LYME/OLD LYME — With schools in the state closed for a minimum of two weeks in a state-mandated effort to slow the spread of Coronavirus, school officials are looking into the option of establishing distance learning curricula, a first for public schools in the state.
“The state has rapidly changed their position on distance learning,” said Lyme-Old Lyme Superintendent Ian Neviaser, in a video-streamed special board of education meeting on Monday night. “On Friday they were discouraging it, but now they are looking at ways to make it available to every school and every district.”
In fact, although the special meeting was called to approve a required distance learning waiver application for the state, during the meeting Neviaser received an email that may have eliminated the need for a waiver and mandated that all schools abide by their scheduled end of term – in the case of Lyme-Old Lyme, June 19th.
“Anything at this point is on the table because nobody can predict what is going to happen here,” Neviaser said.
Several private and parochial schools in the region have had distance learning implemented during snow days for years, said Suzanne Thompson, a board of education member at the meeting. Those schools have been able to continue education despite school closures.
“With a slogan like ‘A private school in a public school setting,’ we have certain expectations,” Thompson said. “Our families expect us to be like these private schools that already have distance learning in place.”
Unlike private schools, however, there are a host of potential legal concerns that arise when public schools venture into internet-based learning — primarily equity when it comes to resources and special education.
Neviaser said that the hurdles to providing distance education at all grade levels would be significant. “Nobody in the state of Connecticut has done this at all grade levels,” said Neviaser.. “For high school and middle school this will be one thing, but not necessarily for elementary and pre-k. I’m concerned that our teachers have a vast array of different skill levels in terms of digital technology.”
Neviaser also wondered how districts would meet legal mandates for special education.
“If we open school, we have to open school for every student and we have to abide by every student’s IEP,” Neviaser said. “Many students simply can’t do digital or distance learning and what do we do for students at outplaced facilities if they are closed?”
With new guidance from the Center for Disease Control recommending school closures for a minimum of 8 to 20 weeks, end-of-term testing is also a significant concern.
When it comes to standardized testing, the Connecticut Department of Education has applied for a waiver of federal requirements for statewide testing — the SBAC and SAT.
Neviaser said that while a waiver may seem like a simple solution, for our juniors it could mean that they will need to find an alternative means of taking and paying for the SAT for college applications.
For AP tests, “the College Board has agreed to work with districts to find an alternate date if their schools are closed during the March and April test dates,” said Peter Yazbak, communications director for the Connecticut Department of Education.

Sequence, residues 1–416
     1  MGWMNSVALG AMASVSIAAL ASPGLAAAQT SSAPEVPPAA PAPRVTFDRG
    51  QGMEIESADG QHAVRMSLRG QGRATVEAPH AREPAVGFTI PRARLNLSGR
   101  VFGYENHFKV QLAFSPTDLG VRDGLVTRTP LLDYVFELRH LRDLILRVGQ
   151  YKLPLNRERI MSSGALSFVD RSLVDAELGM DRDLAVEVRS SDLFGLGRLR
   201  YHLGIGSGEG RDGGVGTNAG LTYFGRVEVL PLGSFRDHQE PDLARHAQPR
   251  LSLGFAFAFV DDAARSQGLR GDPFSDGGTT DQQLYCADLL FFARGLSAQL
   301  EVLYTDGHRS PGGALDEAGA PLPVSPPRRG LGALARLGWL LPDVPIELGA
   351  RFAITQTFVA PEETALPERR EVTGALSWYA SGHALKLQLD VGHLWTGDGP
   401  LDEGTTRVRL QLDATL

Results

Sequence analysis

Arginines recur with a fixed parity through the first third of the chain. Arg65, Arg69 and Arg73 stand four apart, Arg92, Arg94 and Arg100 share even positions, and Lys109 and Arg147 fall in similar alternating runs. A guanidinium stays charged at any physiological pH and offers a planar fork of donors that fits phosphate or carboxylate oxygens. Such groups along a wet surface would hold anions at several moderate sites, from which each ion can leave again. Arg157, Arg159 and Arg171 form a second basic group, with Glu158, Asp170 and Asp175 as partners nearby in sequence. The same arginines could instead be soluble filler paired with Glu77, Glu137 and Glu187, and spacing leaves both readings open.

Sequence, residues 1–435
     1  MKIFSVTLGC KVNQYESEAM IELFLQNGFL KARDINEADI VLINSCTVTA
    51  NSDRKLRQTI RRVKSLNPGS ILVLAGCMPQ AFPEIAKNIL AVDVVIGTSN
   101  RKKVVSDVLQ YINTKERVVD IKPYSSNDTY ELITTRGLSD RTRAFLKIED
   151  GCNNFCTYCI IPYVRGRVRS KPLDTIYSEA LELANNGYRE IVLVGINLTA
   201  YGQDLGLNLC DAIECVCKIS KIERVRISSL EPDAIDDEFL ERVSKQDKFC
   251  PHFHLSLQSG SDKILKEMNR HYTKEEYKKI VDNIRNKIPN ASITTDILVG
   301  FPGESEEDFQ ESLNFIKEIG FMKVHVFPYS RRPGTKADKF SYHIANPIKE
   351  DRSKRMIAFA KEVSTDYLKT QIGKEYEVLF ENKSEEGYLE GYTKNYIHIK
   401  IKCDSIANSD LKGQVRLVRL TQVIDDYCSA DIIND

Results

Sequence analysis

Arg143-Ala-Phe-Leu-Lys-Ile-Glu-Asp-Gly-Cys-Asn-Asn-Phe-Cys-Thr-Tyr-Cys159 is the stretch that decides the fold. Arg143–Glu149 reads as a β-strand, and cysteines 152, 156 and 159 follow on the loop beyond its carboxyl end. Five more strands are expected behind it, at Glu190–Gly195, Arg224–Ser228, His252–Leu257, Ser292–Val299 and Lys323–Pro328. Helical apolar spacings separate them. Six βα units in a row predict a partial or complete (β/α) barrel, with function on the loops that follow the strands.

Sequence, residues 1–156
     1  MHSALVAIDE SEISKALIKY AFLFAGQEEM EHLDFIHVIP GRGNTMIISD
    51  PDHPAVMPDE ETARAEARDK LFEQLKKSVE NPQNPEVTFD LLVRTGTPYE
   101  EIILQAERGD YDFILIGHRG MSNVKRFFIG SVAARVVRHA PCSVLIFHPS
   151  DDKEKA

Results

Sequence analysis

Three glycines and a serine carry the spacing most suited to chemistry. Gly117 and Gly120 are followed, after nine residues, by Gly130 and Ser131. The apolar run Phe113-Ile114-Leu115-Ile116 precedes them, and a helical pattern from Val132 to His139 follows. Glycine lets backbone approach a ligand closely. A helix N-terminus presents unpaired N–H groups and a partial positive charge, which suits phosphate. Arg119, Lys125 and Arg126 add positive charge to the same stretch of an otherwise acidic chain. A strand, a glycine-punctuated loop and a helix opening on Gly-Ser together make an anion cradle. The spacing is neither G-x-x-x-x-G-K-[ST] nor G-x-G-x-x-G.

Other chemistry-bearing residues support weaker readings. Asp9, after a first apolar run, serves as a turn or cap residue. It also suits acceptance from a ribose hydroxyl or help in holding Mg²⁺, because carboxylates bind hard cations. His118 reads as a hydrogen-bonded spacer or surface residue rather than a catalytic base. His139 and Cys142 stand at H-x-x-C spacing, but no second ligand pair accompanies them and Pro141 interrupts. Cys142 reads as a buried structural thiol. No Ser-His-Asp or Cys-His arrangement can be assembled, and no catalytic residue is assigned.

Tom Mooney, a professor of education law at the University of Connecticut School of Law, notified superintendents across the state that in his view it is not possible for any district to meet all of the legal requirements for education by the state with distance learning.
Members of the Lyme-Old Lyme Board of Education also urged Neviaser to provide more frequent communications with parents who are anxiously wondering what is going to happen.
“I’m hearing from parents that they want to know what is going to be happening. A lot of people are finding out things from other districts and we need to make sure they know that we are working on a solution,” said Martha Shoemaker, a board member from Lyme.
Neviaser pushed back saying, “I don’t want to put a communication out saying we are going to do distance learning starting March 30, we might be back in school then, things are just changing too quickly.”
“To put out a piece of communication out just once a week is not sufficient,” said board member Mary Powell St.Louis. “It would be greatly appreciated if you updated them more often.”
As of now, school districts in the state are closed for the next two weeks, and are waiting for further guidance on whether that timeline will be extended.
The board also discussed how the closures leave school employees — particularly hourly and contract employees — in an unpredictable situation.
“Teachers are salaried employees contracted for 187 days per year, but hourly employees, if they don’t work for the next two weeks they will not be paid,” Neviaser said. “I would like to pay them, it is an unprecedented time and we want to preserve our employees.”
Neviaser said his plan would be to annualize their payments through June 30 so that they will receive a paycheck consistently for the remainder of the school year, no matter how many hours they work.
Although no vote was taken, the board was in agreement.
“I’m in favor of doing whatever we can to keep these people paid, they are important to our district,” said Diane Lenderman, the chair of the board of education.